WASHINGTON (CN) – Set to hear from convicted ex-Trump attorney Michael Cohen next month, Democratic lawmakers chairing several investigative committees issued the White House a stark warning: witness obstruction will not be tolerated.
“The integrity of our process to serve as an independent check on the Executive Branch must be respected by everyone, including the president,” House Chairmen Elijah Cummings, Adam Schiff and Jerrold Nadler said Sunday in a statement.
Release of the statement followed the airing by Fox News on Saturday night of a phone interview between host Jeanine Pirro and President Donald Trump.
Slamming his former attorney during the call, Trump said Cohen will testify February before the House Oversight Committee in a bid to “get his sentence reduced.”
The president claimed that legal troubles plaguing Cohen’s father-in-law, Fima Shusterman, are motivating the lawyer to speak with Congress.
“[Cohen] should give information maybe on his father-in-law because that’s the one that people want to look at because where does that money – that’s the money in the family,” the president said Saturday. “And I guess he didn’t want to talk about his father-in-law.”
Shusterman’s business dealings came under the microscope last year when The Chicago-Sun Times reported on substantial loans – totaling $20 million – given to Yasya Shtayner, owner of the largest taxi fleet in Chicago, Chicago Medallion Management.
The details emerged after Shusterman and Shtayner’s names surfaced as part of an FBI warrant used to raid Cohen’s office and residence in New York last year.
Investigators were searching for documents related to Cohen’s legal practice plus information tied to the $130,000 in hush-money payments Cohen made to adult film star Stormy Daniels.
When Pirro pressed Trump for clarity Saturday around his statements involving Shusterman, the president responded: “I don’t know, but you’ll find out and you’ll look into it because nobody knows what’s going on over there.”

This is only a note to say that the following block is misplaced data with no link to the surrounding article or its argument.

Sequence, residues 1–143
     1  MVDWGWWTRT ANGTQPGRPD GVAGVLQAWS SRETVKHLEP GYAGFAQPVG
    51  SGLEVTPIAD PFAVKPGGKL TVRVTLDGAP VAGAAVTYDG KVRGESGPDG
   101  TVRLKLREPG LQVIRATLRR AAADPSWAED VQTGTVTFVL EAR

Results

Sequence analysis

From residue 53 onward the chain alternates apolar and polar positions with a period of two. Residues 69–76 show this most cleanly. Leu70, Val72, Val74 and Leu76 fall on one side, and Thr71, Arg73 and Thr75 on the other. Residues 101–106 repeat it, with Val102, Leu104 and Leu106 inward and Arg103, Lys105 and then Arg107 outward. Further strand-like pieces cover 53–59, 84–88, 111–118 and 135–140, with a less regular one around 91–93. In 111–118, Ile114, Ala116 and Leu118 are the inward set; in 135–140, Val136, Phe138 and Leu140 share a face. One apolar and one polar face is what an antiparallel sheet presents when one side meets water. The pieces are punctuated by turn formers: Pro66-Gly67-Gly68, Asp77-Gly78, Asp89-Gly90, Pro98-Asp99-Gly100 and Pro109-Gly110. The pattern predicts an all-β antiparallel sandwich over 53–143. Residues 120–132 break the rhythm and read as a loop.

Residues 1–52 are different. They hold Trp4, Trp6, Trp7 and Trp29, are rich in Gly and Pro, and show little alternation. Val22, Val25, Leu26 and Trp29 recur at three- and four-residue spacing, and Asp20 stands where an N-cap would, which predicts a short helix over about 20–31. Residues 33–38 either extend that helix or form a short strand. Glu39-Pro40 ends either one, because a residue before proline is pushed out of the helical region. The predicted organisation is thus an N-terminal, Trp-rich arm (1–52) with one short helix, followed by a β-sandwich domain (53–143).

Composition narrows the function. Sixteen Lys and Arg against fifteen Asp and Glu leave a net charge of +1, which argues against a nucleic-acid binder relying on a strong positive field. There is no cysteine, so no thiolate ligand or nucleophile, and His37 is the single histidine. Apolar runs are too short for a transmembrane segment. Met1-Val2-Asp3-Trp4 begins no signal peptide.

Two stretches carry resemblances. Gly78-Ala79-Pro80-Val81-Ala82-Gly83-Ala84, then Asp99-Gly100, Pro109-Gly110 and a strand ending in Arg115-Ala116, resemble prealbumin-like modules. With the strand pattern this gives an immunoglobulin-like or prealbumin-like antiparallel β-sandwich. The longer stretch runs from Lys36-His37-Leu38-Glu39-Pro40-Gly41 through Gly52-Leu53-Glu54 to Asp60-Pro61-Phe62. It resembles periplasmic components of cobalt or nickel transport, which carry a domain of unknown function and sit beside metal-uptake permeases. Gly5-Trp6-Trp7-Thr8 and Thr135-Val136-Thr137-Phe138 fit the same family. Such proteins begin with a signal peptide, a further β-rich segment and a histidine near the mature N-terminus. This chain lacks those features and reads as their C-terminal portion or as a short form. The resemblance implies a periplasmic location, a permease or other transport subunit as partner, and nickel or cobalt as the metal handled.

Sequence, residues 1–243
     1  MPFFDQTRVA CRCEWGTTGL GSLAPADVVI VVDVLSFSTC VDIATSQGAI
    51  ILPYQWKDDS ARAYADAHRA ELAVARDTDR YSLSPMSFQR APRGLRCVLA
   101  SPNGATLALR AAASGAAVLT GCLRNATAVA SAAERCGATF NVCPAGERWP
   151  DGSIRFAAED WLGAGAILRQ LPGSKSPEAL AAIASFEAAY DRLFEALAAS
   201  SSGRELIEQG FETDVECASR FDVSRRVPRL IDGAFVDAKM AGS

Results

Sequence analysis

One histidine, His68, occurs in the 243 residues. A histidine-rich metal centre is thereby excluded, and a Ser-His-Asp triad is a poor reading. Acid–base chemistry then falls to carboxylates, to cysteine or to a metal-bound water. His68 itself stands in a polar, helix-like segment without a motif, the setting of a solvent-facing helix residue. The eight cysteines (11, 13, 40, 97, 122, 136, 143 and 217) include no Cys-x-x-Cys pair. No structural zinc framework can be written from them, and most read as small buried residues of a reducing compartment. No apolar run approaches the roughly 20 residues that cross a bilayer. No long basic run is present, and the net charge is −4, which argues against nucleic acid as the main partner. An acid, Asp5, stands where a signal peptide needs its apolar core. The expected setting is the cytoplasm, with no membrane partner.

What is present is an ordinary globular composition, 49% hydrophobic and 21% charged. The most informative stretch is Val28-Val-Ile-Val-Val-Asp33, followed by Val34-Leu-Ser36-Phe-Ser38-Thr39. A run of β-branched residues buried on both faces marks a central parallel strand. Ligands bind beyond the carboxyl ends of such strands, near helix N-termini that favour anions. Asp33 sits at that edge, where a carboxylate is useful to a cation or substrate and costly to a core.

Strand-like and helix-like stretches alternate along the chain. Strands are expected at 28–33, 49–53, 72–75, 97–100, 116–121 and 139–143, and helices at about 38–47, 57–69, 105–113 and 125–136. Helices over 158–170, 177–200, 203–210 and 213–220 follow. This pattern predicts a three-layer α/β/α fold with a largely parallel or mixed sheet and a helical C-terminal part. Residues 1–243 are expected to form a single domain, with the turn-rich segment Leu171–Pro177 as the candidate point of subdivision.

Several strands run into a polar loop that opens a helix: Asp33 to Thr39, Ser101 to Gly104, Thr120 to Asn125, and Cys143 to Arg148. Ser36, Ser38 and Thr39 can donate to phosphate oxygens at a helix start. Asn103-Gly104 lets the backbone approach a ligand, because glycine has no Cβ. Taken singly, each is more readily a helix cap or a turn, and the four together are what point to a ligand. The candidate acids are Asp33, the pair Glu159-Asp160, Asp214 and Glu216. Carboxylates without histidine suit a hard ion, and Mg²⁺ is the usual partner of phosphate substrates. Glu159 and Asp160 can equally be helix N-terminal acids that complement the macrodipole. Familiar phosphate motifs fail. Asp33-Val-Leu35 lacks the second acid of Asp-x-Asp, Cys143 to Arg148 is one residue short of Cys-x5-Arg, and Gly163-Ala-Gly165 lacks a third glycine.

Cohen testifies publicly before the House Oversight and Reform Committee on February 7. The committee is chaired by Cummings, a Maryland Democrat. Schiff and Nadler chair the House Intelligence and Judiciary committees, respectively.
When Cohen was sentenced last month to three years in federal prison for financial crimes, the president lashed out at his onetime confidante.
Trump called Cohen a “rat” on Twitter on Dec. 16 after Cohen entered his guilty plea in New York. He weighed in again as sentencing approached.
“Michael Cohen asks judge for no Prison Time,” the president tweeted. “You mean he can do all of the TERRIBLE, unrelated to Trump, things have to do with fraud, big loans, Taxis, etc. and not serve a long prison term He makes up stories to get a GREAT & ALREADY reduced deal for himself and get….” [Punctuation and emphasis original.]
The chairmen’s statement on Sunday appeared to anticipate similar involvement during testimony next month.
“The president should make no statement or take any action to obstruct Congress’ independent oversight and investigative efforts, including by seeking to discourage any witness from testifying in response to a duly authorized request from Congress,” Cummings, Schiff and Nadler wrote.